I walked into a Whole Foods today. Mindfulness was on the cover of at least 3 magazines, all priced over $14. The covers had beautiful skinny white women on the cover. It got me thinking to when I did research for print ads and unspecified yoga magazine touted how its readers had an average of $65K in annual income with over 40% with income over $100K. Their media kit was graced with the under 30 crowd demonstrating their strength and flexibility in challenging postures wearing $150 yoga pants and an equally expensive yoga mat.
I often use stock photo for my website and graphics. When I type in “yoga” I get a plethora of model type figures again 30 and below. If I type in “senior yoga”, I get more mature people but again skinny, fresh-faced individuals, and often caucasian. I can barely find a person of color or anyone above a size 4. While there is absolutely no problem with young, fit, or Caucasian people practicing yoga, when that becomes the only images people see- it creates barriers.
As instructors and business owners, whether we like or not– we become the face of the yoga industry. How we interact with our students both in person and with our digital footprint are ways we can either create barriers or break down barriers to access for yoga.
To help decrease these barriers, here are a few ways we suggest decreasing barriers to access.
Social media footprint
Every photo doesn’t have to be eka pada konasana or its little sister. Arm balances and inversions can be a great form of concentration and strength but every photo doesn’t need to be an impossible pose. Every post does not have to be perfectly curated with a “life is so great and I only drink green juice mentality”. Create posts that celebrate all aspects of yoga. By sharing easier postures or how we use yoga to navigate sometimes messy areas of lives it can help people understand that incorporating yoga into their lifestyle is something anyone can work towards.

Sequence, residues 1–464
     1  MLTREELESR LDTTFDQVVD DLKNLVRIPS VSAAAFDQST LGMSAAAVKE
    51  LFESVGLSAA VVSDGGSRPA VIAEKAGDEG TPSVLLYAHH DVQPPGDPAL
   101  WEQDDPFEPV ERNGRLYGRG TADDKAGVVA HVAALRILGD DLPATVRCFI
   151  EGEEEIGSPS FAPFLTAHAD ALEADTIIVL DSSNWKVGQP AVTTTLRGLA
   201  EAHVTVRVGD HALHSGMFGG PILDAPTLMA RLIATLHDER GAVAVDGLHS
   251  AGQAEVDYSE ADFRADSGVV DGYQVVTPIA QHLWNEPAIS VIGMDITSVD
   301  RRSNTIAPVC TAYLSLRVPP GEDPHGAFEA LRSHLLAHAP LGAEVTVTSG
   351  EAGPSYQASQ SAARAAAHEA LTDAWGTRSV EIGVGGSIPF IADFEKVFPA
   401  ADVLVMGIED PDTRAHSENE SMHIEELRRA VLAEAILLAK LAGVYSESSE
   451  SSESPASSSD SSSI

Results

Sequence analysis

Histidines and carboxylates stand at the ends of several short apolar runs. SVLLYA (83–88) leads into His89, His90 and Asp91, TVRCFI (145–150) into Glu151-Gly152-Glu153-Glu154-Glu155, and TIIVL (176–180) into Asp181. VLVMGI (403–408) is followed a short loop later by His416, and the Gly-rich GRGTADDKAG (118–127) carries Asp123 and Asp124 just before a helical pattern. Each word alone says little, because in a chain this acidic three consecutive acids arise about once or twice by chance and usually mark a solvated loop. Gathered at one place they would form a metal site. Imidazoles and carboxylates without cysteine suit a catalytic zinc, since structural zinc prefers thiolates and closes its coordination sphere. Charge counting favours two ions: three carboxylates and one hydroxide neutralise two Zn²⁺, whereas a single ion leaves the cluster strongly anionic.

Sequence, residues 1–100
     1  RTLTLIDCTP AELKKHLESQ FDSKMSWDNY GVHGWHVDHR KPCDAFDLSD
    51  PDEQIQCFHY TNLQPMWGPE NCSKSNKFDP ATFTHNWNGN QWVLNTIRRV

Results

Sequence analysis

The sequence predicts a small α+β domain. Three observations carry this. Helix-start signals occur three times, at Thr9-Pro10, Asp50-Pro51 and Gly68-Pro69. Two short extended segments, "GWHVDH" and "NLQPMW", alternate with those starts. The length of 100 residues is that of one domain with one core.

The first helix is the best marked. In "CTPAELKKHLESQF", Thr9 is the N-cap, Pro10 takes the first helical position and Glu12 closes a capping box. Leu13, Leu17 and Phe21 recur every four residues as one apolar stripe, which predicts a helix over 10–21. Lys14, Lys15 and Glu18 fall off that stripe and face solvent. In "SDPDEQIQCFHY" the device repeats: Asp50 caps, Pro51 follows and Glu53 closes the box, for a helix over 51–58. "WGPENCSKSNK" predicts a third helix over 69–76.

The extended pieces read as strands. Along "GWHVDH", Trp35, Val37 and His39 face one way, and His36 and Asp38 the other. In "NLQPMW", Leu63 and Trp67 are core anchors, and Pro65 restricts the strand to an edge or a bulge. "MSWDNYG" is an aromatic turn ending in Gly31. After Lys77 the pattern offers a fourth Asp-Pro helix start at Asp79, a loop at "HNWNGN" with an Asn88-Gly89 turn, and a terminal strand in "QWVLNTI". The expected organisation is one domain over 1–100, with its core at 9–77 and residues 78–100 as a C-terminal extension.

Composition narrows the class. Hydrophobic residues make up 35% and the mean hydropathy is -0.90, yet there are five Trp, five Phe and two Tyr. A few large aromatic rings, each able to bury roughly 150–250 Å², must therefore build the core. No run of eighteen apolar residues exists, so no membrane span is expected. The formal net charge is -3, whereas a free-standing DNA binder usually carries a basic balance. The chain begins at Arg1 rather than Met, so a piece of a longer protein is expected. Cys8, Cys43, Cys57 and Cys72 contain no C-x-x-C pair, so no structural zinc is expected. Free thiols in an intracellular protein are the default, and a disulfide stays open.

Allow space for students to just be
Alignment is important to a yoga practice. However, every practice, every posture does not need to be so focused on alignment that students feel like there is something they constantly need to fix with themselves. Outside of misalignment that could harm a student, creating space so they can occasionally just sit with their short Warrior I stances. To help students just be, giving cues to help them tune in and notice their breath or how the postures feel can help create space. Another option is to just be silent for a few breaths as students experience the posture.
Decrease the financial barriers to access
I’m a big advocate of yoga teachers getting paid a sustainable living for the amount of time they are putting into their work. That being said, as an industry, we need to figure out how to decrease some of the financial barriers to access for the most in need communities. While it could be donating our time– there are creative ways to get yoga classes out there while still getting paid for the education and time put in. Working with companies, municipalities, or other government agencies can help transfer the financials to someone other than the student.
Our appearance is important
Yoga instructors often get discounts on yoga apparel. There’s a reason for that– we essential become unpaid models for million dollar companies wearing those $150 yoga pants or $60 bras. Students emulate what their instructors do– often thinking they need the expensive gear. While I’m not advocating giving up products instructors love, switching it up on occasion with that 5K t-shirt you earned or some old soccer shorts you have lying around the house can help convey the idea that expensive mats and clothes are optional not required.
As yoga professionals, we have the ability to help break down the barriers to access for yoga. Making small changes through our digital footprint and how we show up to classes can help decrease stereotypes and get more people practicing.
This is just a short list of things we can all work on. What methods have you used to decrease barriers to access?